Leadership watches where the cows walk © Mikhail Dudarev | Dreamstime.com

Leadership watches where the cows walk
© Mikhail Dudarev | Dreamstime.com

Organisational Culture: Fourth Question Leaders Watch Where the Cows Walk?

Organisational culture is defined as ‘The way we do things around here’ (Deal and Kennedy, 1982 – buy a copy here). Some organisational cultures enhance positive work places and positive work outcomes. Others can be toxic both to the people in them and the business outcomes produced. When the way things are done doesn’t reflect the values you are seeking to develop the issue may be in the organisational culture. Organisational culture is reflected in the natural, intuitive ways things are done. Sometimes things just don’t seem right and it is hard to put your finger on exactly why.

While the behaviour of team members contributes to organisational culture, organisational culture often guides team members’ behaviour.

When you can’t quite understand why, despite your leadership efforts, behaviours are not changing to reflect organisational values look at the underlying culture. Behaviour patterns within an organisation are key indicators of organisational culture. Often, in spite of a leader’s best efforts, behavioural patterns in team members can be very difficult to change.

Pathways of organisational culture © Martin Konopka | Dreamstime.com

Pathways of organisational culture
© Martin Konopka | Dreamstime.com

One useful metaphor to help visualise organisational culture is a network of pathways. In this metaphor the paths represent behaviours which, in turn, reflect the organisational values people are operating by. Organisational pathways are established through elements such as clear vision and goals, agreed professional standards, organisational values and beliefs, policies and procedures, and clear lines of responsibility and communication.

In the process of planning and building two school campuses I learned it pays to wait to see where the children actually wear a path in the grass before building a path.

Don’t build a path until you see where the cows walk.

(I mean no disrespect to children by using the metaphor of cows – the presence of a narrow worn pathway in an area of grass always makes me think of the paths cows create as the meander through the fields).

Temple Grandin

Temple Grandin

Temple Grandin, Professor of Animal Science at Colorado State University, developed revolutionary cattle handling facilities for yards and abattoirs after she researched ‘mooing’ as evidence of distress in cattle. In 2010, Time Magazine named her one of the 100 most influential people. (Watch her inspirational TED talk here). She identified that cattle approached water holes in circular patterns. When they were allowed to walk in these patterns they were not distressed and very compliant. Her handling facilities were designed in similar patterns which mirrored, as closely as possible, these natural patterns. They minimised sudden distractions and allowed the cattle to move as naturally as possible. The outcomes for cattle yards and abattoirs which have adapted Temple’s designs has been significantly lower numbers of losses, improvements in processing times, and improvements in meat quality due to reduced bruising and muscle tension caused by stress.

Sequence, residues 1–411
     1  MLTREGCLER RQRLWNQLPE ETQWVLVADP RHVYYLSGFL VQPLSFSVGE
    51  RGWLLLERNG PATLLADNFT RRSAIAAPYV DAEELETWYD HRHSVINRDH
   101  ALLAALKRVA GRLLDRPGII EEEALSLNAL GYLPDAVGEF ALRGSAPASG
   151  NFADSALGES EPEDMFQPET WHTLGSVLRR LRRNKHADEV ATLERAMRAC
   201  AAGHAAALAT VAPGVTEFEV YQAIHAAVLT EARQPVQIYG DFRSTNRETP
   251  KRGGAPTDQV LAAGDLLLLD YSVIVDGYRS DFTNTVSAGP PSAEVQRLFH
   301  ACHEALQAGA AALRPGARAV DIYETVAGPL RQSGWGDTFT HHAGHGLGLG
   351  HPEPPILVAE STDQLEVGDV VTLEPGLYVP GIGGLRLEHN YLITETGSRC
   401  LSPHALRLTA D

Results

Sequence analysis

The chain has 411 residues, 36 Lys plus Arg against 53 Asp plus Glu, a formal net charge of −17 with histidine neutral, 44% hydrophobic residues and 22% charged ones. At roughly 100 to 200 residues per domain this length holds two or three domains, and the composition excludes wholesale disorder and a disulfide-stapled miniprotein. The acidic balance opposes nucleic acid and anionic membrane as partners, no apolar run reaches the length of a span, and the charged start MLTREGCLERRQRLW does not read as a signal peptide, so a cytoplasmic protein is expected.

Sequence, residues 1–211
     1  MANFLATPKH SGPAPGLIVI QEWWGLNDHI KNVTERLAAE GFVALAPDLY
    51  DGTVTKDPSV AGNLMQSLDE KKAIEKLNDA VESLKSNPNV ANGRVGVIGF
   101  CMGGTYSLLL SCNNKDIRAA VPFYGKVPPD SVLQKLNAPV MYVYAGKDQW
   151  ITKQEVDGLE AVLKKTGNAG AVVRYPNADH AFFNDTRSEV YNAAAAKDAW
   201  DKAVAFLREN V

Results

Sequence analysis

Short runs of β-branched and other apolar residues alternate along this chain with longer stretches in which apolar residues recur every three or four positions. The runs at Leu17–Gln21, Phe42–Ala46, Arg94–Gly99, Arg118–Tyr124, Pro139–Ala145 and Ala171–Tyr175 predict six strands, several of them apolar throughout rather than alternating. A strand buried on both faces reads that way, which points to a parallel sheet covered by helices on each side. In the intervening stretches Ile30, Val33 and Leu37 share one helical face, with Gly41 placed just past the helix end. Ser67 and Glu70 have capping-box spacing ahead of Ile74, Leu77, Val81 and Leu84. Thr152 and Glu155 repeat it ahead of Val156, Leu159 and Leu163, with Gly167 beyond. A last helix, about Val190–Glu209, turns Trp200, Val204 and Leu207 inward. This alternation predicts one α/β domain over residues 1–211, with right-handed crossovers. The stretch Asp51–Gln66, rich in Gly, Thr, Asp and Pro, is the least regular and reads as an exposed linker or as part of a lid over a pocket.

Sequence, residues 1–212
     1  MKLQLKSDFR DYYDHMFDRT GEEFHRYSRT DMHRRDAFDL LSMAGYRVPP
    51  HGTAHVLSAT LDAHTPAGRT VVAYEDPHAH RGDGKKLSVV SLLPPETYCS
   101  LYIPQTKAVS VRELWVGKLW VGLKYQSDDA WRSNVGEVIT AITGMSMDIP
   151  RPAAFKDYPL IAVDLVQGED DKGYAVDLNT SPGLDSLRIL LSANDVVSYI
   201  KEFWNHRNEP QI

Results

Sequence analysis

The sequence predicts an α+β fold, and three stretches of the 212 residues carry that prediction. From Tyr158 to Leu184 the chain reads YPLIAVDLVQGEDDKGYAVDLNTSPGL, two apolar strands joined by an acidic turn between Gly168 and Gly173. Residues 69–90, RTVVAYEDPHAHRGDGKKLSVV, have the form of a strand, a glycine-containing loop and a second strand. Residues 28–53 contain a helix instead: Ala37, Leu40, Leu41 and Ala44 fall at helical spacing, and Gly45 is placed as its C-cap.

This principle also often applies to organizational decision making. Whenever possible, a leader’s role can be made substantially easier if they take the opportunity to watch, or at least think through, where the cows walk, or will walk, first. Patterns of human behaviour both inform organisational culture and are influenced by it. Patterns of behaviour, like children or cows, wear a pathway in organisational culture which become the trails others will use without thinking.

If team members are not using the pathways you believe they should be using it is possible that vision, roles, lines of communication, expected standards etc. are not clear and/or not agreed upon and shared.

The most obvious way to change the paths people use is to build fences, plant garden beds in the way you don’t want them to go, or create rules and policies which force them to take a different approach to a problem. My experience is that if I want people to choose another pathway they need to understand that the new pathway will still get them to where they want to go and add value in the process. The first question I should ask is ‘what is it I did or did not do that let them think it was okay to do things that way?’

Changing organisational culture doesn’t always involve creating new pathways for people to follow. More often than not it involves renewing shared vision, clarifying roles, developing an understanding of why people do things the way they do them, guiding them to the discovery of what the changes might be that will achieve the purpose with even better results for all involved.

Creating policies and procedures to enforce the desired organisational culture will, more often than not, actually be counter-productive. It will lead to unhelpful conflict and a power struggle. Watch where the cows walk, think through why they walk that way, work as closely with the pathways they choose as you can or help them discover there is a better way for themselves.

Takeaways

  • Every organisation has a culture
  • Organisational culture is ‘the way we do things around here’.
  • If you want to change organisational culture you have to change the natural, intuitive ways things are done.
  • Don’t build a path before you watch where the cows walk. Before you put policies and procedures in place to ‘control’ the behaviour of staff members observe what they do now and try to undertsnad it.
  • Where possible, make the smallest changes to processes necessary for the behaviour to reflect organisational values.

Additional Resources

How Do You Change An Organisational Culture?
How To Change Your Culture.
How To Change Your Organisations Culture